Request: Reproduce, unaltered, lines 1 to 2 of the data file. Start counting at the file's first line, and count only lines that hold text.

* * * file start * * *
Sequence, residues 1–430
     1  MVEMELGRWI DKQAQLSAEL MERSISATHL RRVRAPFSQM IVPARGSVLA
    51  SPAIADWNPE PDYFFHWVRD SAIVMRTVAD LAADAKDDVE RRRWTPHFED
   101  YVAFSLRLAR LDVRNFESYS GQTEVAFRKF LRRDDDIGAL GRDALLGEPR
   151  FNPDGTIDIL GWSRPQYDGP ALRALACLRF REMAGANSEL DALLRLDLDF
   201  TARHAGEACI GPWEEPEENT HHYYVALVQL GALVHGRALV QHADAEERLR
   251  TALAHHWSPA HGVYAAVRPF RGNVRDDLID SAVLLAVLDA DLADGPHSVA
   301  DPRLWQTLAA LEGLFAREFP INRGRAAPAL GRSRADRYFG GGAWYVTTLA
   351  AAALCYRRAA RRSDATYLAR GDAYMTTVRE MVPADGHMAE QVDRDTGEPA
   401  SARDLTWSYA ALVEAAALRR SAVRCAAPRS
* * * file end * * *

Sequence, residues 1–430
     1  MVEMELGRWI DKQAQLSAEL MERSISATHL RRVRAPFSQM IVPARGSVLA